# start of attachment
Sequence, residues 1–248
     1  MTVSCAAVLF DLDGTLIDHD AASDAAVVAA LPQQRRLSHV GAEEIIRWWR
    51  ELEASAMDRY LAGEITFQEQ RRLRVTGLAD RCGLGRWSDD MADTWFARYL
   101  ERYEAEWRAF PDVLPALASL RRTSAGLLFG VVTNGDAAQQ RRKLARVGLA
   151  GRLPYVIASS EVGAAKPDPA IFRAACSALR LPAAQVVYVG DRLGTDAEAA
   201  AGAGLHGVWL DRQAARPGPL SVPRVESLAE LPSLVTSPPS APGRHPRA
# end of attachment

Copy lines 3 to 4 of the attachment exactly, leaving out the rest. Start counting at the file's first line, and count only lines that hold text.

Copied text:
    51  ELEASAMDRY LAGEITFQEQ RRLRVTGLAD RCGLGRWSDD MADTWFARYL
   101  ERYEAEWRAF PDVLPALASL RRTSAGLLFG VVTNGDAAQQ RRKLARVGLA